What do you think when you hear Down syndrome?

I'll tell you the honest truth about what I used to think.

Short bus. The special class in school. Slow. Looks different. Hard to understand. R-word. I know what you are thinking. Seriously? I can't believe you wrote that. I am just being honest. But there is a reason I am telling you the ugly truth. Because it's ugly. And its an ugly world we live in.

You know why I thought those things? Because that was all that I was ever taught by society. When I was younger, I wasn't taught that it was inappropriate to call someone the R-word. In fact, it was considered a medical label not a derogatory word that hurt someone. Until recently, during Obama's term as president, the label existed in the medical field and is also still used by some medical professionals (sadly).

I didn't know that people with Down syndrome could be just like myself or my brothers and sisters. I had no idea that people with an extra chromosome could contribute to society on their own. And many people sadly still don't think they are. I just hope that I can help change someones mind. Just one. Then ten. Then one hundred.....

Now lets backtrack to about 34 months or so ago. We receive a diagnosis, over the phone telling me that our baby would have Down syndrome. Crushed. My heart ached. I cried until I felt all cried out. Then I was angry. I wanted to know why us? Why had I done everything I was supposed to and been so careful as a mother, would this happen to us? All I could think about was how she would be treated. How she would be different. Seeing pictures of people on the internet set me into another frenzy. Yet, I continued to learn. I embraced what would become our new world.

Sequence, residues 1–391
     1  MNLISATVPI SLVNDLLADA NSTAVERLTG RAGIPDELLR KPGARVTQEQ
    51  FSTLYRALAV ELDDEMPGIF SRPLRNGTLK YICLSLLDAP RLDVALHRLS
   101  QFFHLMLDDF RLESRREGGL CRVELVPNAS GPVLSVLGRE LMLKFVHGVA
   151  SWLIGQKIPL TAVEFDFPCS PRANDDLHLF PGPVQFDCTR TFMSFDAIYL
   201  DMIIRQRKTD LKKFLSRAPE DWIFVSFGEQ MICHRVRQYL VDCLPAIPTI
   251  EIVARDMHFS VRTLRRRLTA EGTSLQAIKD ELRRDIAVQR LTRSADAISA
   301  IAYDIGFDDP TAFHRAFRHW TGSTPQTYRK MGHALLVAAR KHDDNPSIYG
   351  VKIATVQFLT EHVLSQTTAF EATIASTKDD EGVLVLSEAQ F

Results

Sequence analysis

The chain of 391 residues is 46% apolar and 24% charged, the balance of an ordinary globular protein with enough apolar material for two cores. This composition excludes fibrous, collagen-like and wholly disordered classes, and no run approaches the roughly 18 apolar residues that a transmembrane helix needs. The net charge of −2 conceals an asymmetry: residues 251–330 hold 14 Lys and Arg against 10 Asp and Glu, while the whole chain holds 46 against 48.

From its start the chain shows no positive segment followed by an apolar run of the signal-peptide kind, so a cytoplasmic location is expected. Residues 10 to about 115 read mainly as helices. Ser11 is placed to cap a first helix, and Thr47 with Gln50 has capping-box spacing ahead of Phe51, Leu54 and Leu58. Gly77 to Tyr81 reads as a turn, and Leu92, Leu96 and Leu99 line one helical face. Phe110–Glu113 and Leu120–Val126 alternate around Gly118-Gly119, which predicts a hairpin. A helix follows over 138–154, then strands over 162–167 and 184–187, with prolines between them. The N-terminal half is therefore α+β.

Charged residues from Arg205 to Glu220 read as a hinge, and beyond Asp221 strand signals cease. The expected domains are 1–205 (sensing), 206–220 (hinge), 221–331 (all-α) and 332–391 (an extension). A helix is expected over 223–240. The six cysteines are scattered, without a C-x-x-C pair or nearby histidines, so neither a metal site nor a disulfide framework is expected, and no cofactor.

I tried to accept it as much as I could by educating myself and anyone that would listen. I met families, I met adults with Ds. I met a little guy named Patrick. He wasn't yet 2 at the time and he really helped me. Seeing how he acted like a typical 2 year old, really set my mind at ease. Did you know, began many of my conversations.

I was only 14 weeks pregnant when we found out so we had a lot of time to get used to the idea. By the time Leighton arrived, I was over the crying. All cried out and happy to meet our little girl. She arrived and while she had a couple complications upon entering the world, she was as healthy as we could hope for. She was our precious baby girl and I was overwhelmed with joy.

I still had those fears though. About what others would think. Probably because of my own past and what I thought of when I heard the words Down syndrome. Most of what I thought about with special classes, short buses and different looks had become my new norms so I was ready for those things. Accepted them into my world in a way. The fears of how she will be treated is what motivates me to advocate and teach people because I never had that. I was never taught differently than the ugly associations I explained before.

Yet, there's one that still makes me nauseated. That's the R-word. I hear it often. I hear it from some that are close to me. Usually it's followed with, oh, sorry. Or I don't mean it about Leighton. That doesn't really make me feel much better. I try to remember that I used the word frequently with those same excuses before Lb was in the picture. I had no emotional attachment to the hurt a word could cause.

Now I am much more careful. I choose my words more wisely - most of the time. I was a foot in mouth, kind of person on many occaisions. Now I try to think about the receiver of that conversation and how they might feel if I say something that may or may not offend them.

It causes me such heartache to think of someone calling my baby girl that word. Even worse than my own heartache is the day that she understands the definition of that word and hears it about herself. It's a meer thought that brings tears to my eyes and pain to my heart. I pray the day never comes. But I know it most likely will. I hope that I have taught her to be the wonderful self confident woman that I know she will be. I hope her spunk and her sassyness continue to shine and she handles the situation in her own Lb way.

I can't stop the world from speaking, but I can share with them our story and how that word makes my family feel. Bottom line, you might not say that Lb is (r-word) but when you say the r-word, you are using a term thats being meant to downgrade someone else; infering they are less than superior or that they may have a cognitive delay. Choose something else. Better yet. Don't be a jerk at all. Just sayin.

All I ask is that you THINK before you SPEAK.

Until next time...


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